|Sichuan Fragrant Duck from Duck, Duck, Goose|
Duck, Duck, Goose, arrived at my door just before Thanksgiving, but it wasn't until a couple weeks ago that I finally got to cook a recipe from it. It was a bit of a hunt, even here in Orange County, to find duck breast for the recipe. I found plenty of frozen whole duck, but the recipe for Sichuan Fragrant Duck called for just the breast. So, if you are trying to find it yourself, Bristol Farms has fresh Muscovy duck breasts from Grimaud Farms.
Anyway, back to the book itself. Duck, Duck, Goose is a book that someone who has never seen a duck before could pick up and easily become a proficient butcher and cook of duck. He'll walk you through duck varieties (including photos), how they taste, their use in recipes, how to pluck them, and how to break them down (with photos as well).
Though I haven't cooked any of the recipes in the "Extras" section yet, I particularly enjoyed this section, which makes use of the giblets (heart, liver and gizzard) and fat to make Duck Liver Ravioli, Ganseklein, Smoked Goose Sausages, and Duck Fat Saffron Aioli. Hank relates how he was not a big fan of the innards before he became a hunter, but came to see the necessity of using all parts of the animal he killed. Now they are among his favorite parts of the bird, having learned how to cook them to bring out their unique flavor. I can personally attest to Hank's love of the "extras," having tried bone marrow and lamb fries (testicles) for my first time with him a few years ago. While they weren't the best things I've ever eaten, Hank was gleeful as he ate them, and I was glad I had the opportunity to try something I normally wouldn't have tried.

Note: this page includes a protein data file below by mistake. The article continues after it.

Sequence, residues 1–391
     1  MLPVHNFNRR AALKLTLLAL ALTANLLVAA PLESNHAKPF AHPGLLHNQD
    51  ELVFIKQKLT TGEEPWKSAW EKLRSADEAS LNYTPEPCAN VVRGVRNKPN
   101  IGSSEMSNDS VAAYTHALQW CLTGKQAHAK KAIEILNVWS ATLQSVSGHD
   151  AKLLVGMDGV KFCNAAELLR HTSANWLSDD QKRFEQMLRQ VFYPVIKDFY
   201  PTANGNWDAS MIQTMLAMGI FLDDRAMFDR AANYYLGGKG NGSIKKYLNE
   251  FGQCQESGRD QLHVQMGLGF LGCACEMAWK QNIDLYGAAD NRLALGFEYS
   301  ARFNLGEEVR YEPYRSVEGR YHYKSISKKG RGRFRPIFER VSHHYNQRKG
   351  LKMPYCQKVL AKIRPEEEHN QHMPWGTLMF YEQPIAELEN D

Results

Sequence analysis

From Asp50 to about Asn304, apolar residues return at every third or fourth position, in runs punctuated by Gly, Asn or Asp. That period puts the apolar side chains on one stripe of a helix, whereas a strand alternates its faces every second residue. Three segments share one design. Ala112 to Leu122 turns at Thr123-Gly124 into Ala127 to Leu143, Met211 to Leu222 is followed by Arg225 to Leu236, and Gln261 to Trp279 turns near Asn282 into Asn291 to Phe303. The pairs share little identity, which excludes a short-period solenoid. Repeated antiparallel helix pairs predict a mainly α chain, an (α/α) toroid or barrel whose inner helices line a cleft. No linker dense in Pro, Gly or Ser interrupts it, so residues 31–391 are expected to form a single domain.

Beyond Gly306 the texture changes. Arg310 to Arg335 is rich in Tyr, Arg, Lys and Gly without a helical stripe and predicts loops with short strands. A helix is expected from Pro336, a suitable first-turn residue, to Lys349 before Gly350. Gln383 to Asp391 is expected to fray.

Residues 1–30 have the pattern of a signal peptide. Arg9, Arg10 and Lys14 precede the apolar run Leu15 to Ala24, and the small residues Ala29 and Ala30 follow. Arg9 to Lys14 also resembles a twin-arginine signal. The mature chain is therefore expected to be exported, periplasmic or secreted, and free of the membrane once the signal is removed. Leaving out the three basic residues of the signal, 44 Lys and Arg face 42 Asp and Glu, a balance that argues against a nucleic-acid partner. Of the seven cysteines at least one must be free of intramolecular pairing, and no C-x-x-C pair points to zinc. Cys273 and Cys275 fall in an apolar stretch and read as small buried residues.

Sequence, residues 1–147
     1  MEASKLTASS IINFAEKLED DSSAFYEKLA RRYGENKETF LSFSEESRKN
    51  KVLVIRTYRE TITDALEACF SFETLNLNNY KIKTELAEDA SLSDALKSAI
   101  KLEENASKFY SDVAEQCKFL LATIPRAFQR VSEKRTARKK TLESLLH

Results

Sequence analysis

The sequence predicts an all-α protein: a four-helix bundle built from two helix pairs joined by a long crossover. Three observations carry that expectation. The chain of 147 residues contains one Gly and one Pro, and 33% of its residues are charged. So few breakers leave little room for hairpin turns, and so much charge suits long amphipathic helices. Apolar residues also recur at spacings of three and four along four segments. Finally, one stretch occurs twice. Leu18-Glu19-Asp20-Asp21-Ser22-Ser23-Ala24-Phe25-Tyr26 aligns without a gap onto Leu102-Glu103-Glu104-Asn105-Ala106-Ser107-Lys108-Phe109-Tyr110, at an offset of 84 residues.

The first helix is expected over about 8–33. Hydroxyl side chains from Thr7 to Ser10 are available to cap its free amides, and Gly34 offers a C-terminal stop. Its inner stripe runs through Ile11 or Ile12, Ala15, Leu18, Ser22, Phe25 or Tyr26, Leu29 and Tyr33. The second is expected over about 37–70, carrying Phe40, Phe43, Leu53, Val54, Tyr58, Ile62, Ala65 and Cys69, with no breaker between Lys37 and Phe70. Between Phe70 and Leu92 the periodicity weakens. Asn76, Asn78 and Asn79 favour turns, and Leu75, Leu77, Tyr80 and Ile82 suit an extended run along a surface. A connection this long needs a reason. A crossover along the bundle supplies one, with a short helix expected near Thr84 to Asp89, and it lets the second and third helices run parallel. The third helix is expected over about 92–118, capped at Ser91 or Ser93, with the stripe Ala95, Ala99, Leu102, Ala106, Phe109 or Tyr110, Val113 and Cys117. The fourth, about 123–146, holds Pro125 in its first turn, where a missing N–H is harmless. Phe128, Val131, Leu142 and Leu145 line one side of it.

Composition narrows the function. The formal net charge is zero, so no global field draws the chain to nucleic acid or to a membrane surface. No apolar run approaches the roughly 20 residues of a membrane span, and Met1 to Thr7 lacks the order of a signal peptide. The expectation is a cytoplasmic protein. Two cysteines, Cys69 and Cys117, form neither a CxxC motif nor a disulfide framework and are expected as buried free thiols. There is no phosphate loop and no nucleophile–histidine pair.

Before Hank started writing about well, hunting, fishing, gardening and cooking, he was a political journalist, and you'll recognize that in his precise and intelligent writing style, which leaves you with no doubts about how exactly to wet pluck a duck with paraffin wax. But his friendly, personal side comes through in his stories about hunting with friends, his loving notes on the recipes, and historical and informational sidebars.
If you are anything like me, you'll love the photographs by Hank's long-time girlfriend and hunting partner, Holly Heyser. I think it's important for many of these unfamiliar recipes (like Red-Cooked Duck or Salmis of Duck) to be illustrated, and Holly's photos are not only instructive, but beautiful as well.
So, after finally scoring some duck breast, I tried my hand at the recipe that I thought I would enjoy the most--Sichuan Fragrant Duck. It has some specialty ingredients such as chile bean paste and Chinese Black vinegar, but if you do any amount of Asian cooking you'll have them, and even if you don't, they are common staples at any Asian market. I also picked this recipe because it calls for "velveting" the meat, a process of marinating it and passing it through oil quickly, then stir-frying it a second time. It keeps the meat exceptionally tender, and I've been using this method with chicken since I first read about it on Hank's blog.
I loved this dish because the combination of onion, sesame oil, vinegar, chiles and ginger was assertive enough to stand up to the earthy duck. You got a little of everything in each bite--sweet, sour, salty, spicy. As Hank puts it, "a spicy umami bomb."
I'm looking forward to getting outside my comfort zone and working on more of these recipes. I'm not sure I'll get around to shooting and plucking my own duck, but a girl can dream.